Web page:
I have to admit, I don’t really frequent Gastown even though it has become a foodie scene. One of the restaurants, Cork & Fin, has been receiving good reviews since its opening last year. I was intrigued. After perusing its Dine Out Vancouver menu, I decided to take this opportunity to pay them a visit.
Being a seafood restaurant, I opted for an all-seafood combination. First, the Fresh Oysters was a order of three and it came in two varieties, Sawmill Bay and Read Island. They were fresh, although skinny. Sawmill Bay was a bit salty and Read Island was sweet. Therefore, we encored a dozen of the Read Island oysters (fresh oysters are only $1.50 each during happy hour, i.e. 5-6:30pm).
Next, the Prawn Bisque. I have to say, prawns are definitely not as flavourful as lobsters. Or that this was a water-down version. The bisque was really light in flavour and it’s lacking the intensity one could taste from a lobster bisque. But it was quite creamy. I also tried a bite of the Negitoro. That’s the better of the two second course. It’s similar to what you get at a Japanese restaurant, but without the overpowering green onion flavour and with the addition of a spicy kick in the sauce. I quite enjoyed it with the toasted baguette.
As for entree, I had mixed feelings towards my Pan Seared Ling Cod. I wanted to say I liked it but somehow something just didn’t sit right with me. The fish was good, but I would’ve liked it done crispier. I liked the tomato ragu mostly because the tangy sauce complemented the under-seasoned fish. I order cod quite often at restaurants, and this is probably one of my least favourite ones. On the other hand, the Grilled Sirloin surprised me. Because this is a seafood restaurant, I wasn’t expecting much of the beef dish. It came out medium rare, just as what we ordered, and the meat was tender and tasty. We paid an extra $13 for the lobster but it’s definitely outshone by the steak.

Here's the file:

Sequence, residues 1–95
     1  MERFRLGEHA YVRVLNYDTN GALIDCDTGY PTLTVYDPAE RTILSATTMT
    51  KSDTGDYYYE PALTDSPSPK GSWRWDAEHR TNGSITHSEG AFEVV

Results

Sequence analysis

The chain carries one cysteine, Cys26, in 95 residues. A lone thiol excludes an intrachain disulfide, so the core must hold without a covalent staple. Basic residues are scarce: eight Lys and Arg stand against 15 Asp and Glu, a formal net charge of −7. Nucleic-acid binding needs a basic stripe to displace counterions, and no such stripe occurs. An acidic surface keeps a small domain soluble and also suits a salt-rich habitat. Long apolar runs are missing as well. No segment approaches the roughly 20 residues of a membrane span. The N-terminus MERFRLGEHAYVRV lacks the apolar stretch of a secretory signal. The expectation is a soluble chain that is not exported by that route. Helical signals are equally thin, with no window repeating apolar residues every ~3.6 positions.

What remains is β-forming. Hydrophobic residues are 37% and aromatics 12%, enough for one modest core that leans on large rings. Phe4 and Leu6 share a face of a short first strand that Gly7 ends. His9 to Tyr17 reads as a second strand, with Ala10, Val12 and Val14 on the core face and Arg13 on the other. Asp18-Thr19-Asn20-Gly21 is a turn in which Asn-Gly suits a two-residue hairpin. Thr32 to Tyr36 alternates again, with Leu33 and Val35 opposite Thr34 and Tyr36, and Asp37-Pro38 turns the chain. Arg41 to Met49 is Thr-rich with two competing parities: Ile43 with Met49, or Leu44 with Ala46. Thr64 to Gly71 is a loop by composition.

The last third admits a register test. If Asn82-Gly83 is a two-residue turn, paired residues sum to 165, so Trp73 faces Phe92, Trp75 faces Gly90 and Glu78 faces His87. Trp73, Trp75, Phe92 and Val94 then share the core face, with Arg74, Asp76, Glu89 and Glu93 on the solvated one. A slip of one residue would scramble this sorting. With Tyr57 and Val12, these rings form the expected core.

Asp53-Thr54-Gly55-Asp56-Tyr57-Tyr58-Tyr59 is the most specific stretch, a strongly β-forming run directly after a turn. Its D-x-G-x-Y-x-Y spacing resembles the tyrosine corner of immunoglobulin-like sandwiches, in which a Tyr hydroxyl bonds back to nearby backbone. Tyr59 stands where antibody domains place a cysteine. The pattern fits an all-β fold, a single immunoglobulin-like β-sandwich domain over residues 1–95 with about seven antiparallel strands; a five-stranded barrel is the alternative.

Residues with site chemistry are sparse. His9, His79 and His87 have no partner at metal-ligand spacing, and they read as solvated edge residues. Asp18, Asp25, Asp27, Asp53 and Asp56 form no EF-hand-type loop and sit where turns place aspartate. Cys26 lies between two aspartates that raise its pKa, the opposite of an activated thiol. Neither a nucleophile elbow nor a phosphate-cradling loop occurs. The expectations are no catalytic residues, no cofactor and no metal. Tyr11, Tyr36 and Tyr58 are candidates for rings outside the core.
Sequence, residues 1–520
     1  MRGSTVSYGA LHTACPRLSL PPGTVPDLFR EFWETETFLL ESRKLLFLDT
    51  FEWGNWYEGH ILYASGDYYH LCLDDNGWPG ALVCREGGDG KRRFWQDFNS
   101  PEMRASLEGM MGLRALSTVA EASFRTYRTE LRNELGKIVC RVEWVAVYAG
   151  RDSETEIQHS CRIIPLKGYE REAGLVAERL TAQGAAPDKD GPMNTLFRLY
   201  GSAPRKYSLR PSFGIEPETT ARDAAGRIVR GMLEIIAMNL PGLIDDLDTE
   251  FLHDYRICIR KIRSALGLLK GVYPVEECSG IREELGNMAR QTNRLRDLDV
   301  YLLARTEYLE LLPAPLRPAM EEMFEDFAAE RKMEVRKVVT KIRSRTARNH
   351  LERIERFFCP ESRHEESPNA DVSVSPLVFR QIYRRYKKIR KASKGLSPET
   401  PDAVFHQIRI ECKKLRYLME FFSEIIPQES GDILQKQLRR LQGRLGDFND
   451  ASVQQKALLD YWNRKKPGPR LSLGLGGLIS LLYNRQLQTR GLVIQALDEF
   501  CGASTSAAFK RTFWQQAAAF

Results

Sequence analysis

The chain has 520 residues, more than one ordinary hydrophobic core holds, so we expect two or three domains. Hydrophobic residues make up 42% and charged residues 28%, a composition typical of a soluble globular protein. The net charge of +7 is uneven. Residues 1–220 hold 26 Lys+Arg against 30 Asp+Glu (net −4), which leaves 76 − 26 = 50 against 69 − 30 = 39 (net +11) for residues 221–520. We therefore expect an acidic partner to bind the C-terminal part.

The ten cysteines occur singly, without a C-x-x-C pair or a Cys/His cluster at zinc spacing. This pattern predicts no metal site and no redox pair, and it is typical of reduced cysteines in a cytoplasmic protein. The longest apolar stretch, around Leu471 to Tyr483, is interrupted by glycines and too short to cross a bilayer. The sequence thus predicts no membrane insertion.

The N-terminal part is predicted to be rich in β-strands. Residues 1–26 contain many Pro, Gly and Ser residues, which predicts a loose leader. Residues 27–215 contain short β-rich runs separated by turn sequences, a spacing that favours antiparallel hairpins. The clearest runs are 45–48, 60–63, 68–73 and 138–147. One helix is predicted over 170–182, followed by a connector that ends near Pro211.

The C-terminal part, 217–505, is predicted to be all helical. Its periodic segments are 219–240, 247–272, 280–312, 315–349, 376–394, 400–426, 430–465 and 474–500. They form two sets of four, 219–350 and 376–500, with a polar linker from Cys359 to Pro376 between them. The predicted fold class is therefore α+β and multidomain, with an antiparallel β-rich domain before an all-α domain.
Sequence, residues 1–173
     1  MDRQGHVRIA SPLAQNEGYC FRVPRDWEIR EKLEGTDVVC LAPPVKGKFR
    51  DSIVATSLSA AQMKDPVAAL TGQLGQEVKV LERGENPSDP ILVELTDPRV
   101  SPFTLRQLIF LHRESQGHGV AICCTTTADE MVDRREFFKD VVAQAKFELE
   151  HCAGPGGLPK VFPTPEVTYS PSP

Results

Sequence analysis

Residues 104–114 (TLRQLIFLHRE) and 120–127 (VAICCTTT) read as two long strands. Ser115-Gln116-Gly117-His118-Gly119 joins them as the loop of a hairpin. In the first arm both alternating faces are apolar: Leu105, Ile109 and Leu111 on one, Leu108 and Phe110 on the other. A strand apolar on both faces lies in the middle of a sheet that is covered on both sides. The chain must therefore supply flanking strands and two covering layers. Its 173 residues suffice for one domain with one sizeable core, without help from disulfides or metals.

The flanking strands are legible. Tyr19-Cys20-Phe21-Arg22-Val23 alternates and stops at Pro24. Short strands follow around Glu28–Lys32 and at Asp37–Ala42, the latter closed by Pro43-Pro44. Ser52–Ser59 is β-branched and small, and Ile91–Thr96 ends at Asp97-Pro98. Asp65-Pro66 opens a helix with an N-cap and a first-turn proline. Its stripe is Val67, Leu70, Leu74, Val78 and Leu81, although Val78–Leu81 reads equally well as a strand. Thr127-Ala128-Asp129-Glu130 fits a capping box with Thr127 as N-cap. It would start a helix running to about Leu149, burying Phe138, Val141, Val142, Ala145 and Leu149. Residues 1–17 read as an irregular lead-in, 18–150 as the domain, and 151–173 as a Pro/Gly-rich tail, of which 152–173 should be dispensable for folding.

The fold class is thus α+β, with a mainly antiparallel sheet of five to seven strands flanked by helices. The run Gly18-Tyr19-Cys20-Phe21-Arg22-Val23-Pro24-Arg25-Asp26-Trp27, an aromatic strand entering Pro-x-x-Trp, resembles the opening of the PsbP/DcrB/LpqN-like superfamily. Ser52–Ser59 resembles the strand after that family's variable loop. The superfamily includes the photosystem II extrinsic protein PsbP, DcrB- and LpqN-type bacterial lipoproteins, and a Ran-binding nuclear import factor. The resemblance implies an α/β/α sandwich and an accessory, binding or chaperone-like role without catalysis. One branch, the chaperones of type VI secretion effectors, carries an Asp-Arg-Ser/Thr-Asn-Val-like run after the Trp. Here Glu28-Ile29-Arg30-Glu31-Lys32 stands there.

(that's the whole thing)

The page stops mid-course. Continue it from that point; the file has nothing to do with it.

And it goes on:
Out of the norm, the 3-course menu doesn’t have a dessert course. You can order from its regular dessert menu with a choice of Pot de Creme, Chocolate Mousse, Apple & Almond Tart and Cheese Plate. I do believe you’ll need a fourth course for this dinner because the portion size was more on the small side. By the end of the 3rd course, it kind of felt like an unfinished tasting menu. Or I was just looking for something sweet to wrap it all up (hehe)!
In the beginning of our dinner, the service quality was only so-so. I’m blaming mostly on the fact that we were seated in the “VIP area”, i.e. upstairs. We were the only table in the area and I felt neglected in the corner. The service slowly picked up as we were served with our dishes and the area was filled with more customers. They sure try to make great use of their space because the tables were arranged rather close to each other. Some customers were basically sitting back to back against each other.
Some food bloggers may not agree but I believe in the concept of Dine Out Vancouver. This is a promotional opportunity for restaurants to pick up some customers during their down time, and through that, hopefully retain some new, frequent customers. To fully take advantage of this, restaurants need to embrace the idea and run their business as usual during these two weeks. Not by doing a half-ass job. This dinner was a hit and miss for me, and that makes me wonder why the restaurant was receiving such raving reviews. I’m thinking the quality was compromised because the restaurant got too busy (there was a couple of big dinner parties on the main floor). I’m giving it the benefit of the doubt, and I may go back again to try its regular menu.
Cork & Fin
221 Carrall Street, Vancouver